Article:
During this Series, Reggie Jackson earned his nickname "Mr. October" for his heroics. Billy Martin won what would be his only World Series title as a manager after guiding the Yankees to a second straight pennant.1978 American League Championship Series
The 1978 American League Championship Series was held between the New York Yankees and the Kansas City Royals for the third consecutive year.Billy Martin
Alfred Manuel Martin Jr. (May 16, 1928 – December 25, 1989), commonly called "Billy", was an American Major League Baseball second baseman and manager who, in addition to leading other teams, was five times the manager of the New York Yankees. First known as a scrappy infielder who made considerable contributions to the championship Yankee teams of the 1950s, he then built a reputation as a manager who would initially make bad teams good, before ultimately being fired amid dysfunction. In each of his stints with the Yankees he managed them to winning records before being fired by team owner George Steinbrenner or resigning under fire, usually amid a well-publicized scandal such as Martin's involvement in an alcohol-fueled fight.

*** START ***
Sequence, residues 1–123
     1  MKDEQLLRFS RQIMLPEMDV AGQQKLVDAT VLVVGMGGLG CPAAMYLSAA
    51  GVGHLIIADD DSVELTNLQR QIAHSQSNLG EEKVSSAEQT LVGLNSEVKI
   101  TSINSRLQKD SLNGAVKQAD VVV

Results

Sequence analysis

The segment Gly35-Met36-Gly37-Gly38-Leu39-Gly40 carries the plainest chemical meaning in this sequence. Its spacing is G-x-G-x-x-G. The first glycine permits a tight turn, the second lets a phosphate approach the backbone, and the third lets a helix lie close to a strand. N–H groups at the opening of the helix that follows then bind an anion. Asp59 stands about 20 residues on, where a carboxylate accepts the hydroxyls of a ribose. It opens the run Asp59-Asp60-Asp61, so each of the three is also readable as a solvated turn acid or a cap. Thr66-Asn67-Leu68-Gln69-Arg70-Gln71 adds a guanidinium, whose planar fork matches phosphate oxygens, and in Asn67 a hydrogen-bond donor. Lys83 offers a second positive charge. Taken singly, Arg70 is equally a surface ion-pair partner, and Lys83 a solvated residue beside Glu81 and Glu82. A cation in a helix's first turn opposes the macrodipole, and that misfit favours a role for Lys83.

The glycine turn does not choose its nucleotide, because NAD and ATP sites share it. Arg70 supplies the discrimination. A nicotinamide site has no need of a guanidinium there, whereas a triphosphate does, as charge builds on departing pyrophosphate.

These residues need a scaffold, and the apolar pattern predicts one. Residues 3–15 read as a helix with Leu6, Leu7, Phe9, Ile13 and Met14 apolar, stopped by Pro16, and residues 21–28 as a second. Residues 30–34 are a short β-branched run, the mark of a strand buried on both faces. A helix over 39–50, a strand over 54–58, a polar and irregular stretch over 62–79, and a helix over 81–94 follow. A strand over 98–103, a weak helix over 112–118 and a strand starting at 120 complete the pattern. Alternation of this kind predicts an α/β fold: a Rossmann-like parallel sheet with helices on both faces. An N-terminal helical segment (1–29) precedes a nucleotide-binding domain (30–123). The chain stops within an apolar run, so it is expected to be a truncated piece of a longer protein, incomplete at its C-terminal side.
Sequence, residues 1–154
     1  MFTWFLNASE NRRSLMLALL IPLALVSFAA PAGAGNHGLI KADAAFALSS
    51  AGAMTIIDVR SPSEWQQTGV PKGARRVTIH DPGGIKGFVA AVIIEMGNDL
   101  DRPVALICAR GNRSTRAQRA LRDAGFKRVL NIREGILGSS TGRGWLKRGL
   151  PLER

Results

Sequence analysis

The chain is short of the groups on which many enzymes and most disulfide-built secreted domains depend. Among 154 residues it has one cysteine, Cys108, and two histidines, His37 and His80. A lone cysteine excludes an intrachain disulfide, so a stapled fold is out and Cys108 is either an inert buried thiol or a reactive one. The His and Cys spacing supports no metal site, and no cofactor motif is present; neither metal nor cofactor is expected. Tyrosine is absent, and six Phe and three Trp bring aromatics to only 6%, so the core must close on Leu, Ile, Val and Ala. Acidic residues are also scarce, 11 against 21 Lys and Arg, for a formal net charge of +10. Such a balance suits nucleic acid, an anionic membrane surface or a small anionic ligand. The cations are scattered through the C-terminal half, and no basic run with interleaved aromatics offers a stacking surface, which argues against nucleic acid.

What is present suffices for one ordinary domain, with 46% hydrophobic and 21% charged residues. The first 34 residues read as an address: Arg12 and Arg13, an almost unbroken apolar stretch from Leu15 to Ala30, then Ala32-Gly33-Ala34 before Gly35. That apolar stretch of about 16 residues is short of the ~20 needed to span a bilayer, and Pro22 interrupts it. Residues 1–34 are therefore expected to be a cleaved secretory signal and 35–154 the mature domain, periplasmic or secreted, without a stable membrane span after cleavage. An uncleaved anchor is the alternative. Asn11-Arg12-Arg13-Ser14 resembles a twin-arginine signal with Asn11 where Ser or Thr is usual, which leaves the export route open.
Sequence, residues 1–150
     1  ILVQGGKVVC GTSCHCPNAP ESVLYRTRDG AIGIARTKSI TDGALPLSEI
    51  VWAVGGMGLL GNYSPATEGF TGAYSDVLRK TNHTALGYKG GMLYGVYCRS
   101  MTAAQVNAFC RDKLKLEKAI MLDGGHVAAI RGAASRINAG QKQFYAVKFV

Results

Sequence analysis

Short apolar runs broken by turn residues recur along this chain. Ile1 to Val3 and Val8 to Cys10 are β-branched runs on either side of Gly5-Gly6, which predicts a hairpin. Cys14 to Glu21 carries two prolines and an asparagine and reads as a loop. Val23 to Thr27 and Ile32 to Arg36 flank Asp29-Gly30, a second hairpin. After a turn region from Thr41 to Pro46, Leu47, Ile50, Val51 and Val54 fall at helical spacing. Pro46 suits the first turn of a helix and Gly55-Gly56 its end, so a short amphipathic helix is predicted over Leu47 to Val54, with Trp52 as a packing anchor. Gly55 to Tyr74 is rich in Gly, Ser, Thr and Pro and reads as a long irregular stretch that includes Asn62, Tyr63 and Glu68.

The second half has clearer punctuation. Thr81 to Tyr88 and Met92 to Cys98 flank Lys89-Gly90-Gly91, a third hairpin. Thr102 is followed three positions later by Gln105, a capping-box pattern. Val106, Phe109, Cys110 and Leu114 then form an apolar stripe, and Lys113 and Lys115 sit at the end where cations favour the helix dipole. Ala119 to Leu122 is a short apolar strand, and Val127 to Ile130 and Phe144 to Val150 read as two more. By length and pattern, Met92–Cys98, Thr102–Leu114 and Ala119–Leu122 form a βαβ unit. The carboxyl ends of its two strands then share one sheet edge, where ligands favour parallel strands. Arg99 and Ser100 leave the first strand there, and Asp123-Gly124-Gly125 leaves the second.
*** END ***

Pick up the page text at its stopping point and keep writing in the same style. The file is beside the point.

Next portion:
Martin was born in a working-class section of Berkeley, California. His skill as a baseball player gave him a route out of his home town. Signed by the Pacific Coast League Oakland Oaks, Martin learned much from Casey Stengel, the man who would manage him both in Oakland and in New York, and enjoyed a close relationship with him. Martin's spectacular catch of a wind-blown Jackie Robinson popup late in Game Seven of the 1952 World Series saved that series for the Yankees, and he was the hitting star of the 1953 World Series, earning the Most Valuable Player award in the Yankee victory. He missed most of two seasons, 1954 and 1955, after being drafted into the Army, and his abilities never fully returned; the Yankees traded him after a brawl at the Copacabana club in New York during the 1957 season. Martin bitterly resented being traded, and did not speak to Stengel for years, a time during which Martin completed his playing career, appearing with a series of also-ran baseball teams.